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Can Dogs Suddenly Develop Allergies?

Written by Anna Hollisey


happy aussie puppy rolling on the grass

Short answer: yes, they can! In this article, we dig into the science to learn how and why our dogs develop allergies at different stages of life. 

Does Your Dog Have Allergy Symptoms?

An allergy is not easy to diagnose. That’s because almost all allergy symptoms can be linked to other conditions and diseases, and some can even be serious.

*If your dog’s behavior has changed, or they’ve suddenly developed any of these symptoms, it’s important to get them checked by a vet. They’ll carry out the right tests to rule out severe conditions.*

However, it’s important to know that dogs can develop new allergies at any age. That means it’s helpful to be vigilant and watch for the key indicators. These are the main allergy symptoms in dogs:

  • Itchy skin/learn/dog-health/dog-itching-remedies (all over, or mainly the paws, particularly for dogs with a food intolerance)
  • Swollen facial features or ears (caused by excessive histamine production)
  • Runny nose and sneezing
  • Diarrhea, vomiting and lethargy (often related to food intolerance)
  • Anaphylactic shock (rare but dangerous – with increased heart rate and difficulty breathing). 

Most Common Allergies in Dogs

An allergy is caused when the immune system overreacts to an allergen. It can be inherited or prompted by years of exposure. Dog allergies are quite common, especially the environmental types. Allergies tend to be grouped in three main categories:

Environmental Allergies. 

Human allergens – like dust mites, mold, and all kinds of pollen – can affect dogs too. These are often seasonal (which helps us to identify the specific allergen affecting our dog!).

Can an environmental allergy develop suddenly? This type of allergy is more likely to be inherited (and will generally show by the time your dog is 3 years old). But symptoms can worsen over time, or if you move home, so your dog may appear to have developed a new allergy. 

Flea Allergy. 

If your dog has Flea Allergy Dermatitis (FAD), just one flea bite could drive them to distraction. Fleas inject saliva when they latch on to a dog’s skin. This contains irritating antigens, which makes the dog itchy. Dogs can also be allergic to other insect bites, such as spider or bee bites.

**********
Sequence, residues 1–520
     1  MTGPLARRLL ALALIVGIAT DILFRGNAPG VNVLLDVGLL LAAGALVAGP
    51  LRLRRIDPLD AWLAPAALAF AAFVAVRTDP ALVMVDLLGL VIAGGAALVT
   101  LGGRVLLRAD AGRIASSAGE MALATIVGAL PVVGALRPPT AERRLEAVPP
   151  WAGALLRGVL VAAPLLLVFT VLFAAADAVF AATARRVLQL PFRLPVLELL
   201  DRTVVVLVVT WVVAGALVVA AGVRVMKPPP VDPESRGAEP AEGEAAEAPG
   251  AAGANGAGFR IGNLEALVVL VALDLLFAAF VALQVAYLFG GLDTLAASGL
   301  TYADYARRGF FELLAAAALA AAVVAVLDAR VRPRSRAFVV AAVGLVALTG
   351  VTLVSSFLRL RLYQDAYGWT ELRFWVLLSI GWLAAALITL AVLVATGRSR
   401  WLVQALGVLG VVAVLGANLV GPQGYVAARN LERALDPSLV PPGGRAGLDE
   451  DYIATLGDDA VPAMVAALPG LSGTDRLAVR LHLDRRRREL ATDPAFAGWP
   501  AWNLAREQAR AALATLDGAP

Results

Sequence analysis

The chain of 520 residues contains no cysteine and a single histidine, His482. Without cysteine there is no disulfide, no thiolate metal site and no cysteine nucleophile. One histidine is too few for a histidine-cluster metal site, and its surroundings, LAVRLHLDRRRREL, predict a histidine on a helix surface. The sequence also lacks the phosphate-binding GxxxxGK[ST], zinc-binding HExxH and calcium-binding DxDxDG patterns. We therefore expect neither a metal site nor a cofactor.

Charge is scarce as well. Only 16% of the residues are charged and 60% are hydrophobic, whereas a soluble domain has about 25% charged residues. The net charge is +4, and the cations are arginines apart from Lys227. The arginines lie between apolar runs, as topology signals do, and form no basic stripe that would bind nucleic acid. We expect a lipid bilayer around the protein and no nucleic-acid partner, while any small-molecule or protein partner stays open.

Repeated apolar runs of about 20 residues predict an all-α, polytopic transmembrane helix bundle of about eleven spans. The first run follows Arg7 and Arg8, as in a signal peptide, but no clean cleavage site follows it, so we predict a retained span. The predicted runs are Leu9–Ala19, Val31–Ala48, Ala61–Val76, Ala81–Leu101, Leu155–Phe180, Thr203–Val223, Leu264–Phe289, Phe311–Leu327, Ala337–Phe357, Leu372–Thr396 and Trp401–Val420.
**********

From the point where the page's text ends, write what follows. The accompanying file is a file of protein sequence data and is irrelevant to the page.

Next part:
Can flea allergies develop suddenly? FAD can start at any time in your dog’s life. If they have other allergies, they’re more prone to developing FAD. 

Food Allergies.

Food intolerance isn’t strictly an allergy, but it involves a biological reaction to a trigger food. The most common food ‘allergies’ in dogs are beef, chicken, dairy, soy, and eggs. Dog food which is labeled ‘hypoallergenic’ will not usually contain any of these ingredients. 

Can food allergies develop suddenly? Yes. But the sudden onset of symptoms isn’t as sudden as it appears. Your dog has been building up an immune response to the allergen, and now the antibodies have reached an excessively high level. In effect, your dog’s body is trying to repel the allergen, which eventually causes symptoms such as stomach pain, diarrhea and vomiting.

Treating Dog Allergies

First, make an appointment with your vet. (We know… nobody likes it, especially the dog.) It’s important to get an expert opinion in case the symptoms are caused by something completely different. The vet may recommend tests:

  • Food trial. Switch to a hypoallergenic dog food and make sure that the entire household is strict about feeding (no table scraps!). Give it 12 weeks to see whether the new diet is helping your dog. 
  • Blood tests. Optional RAST tests can be used to identify environmental allergens – ask your vet to explain the process of hypersensitization.
  • Skin tests. Prescribed for dogs with dermatitis, this can rule out other conditions. 

Once your dog is diagnosed, you’ll have several treatment options: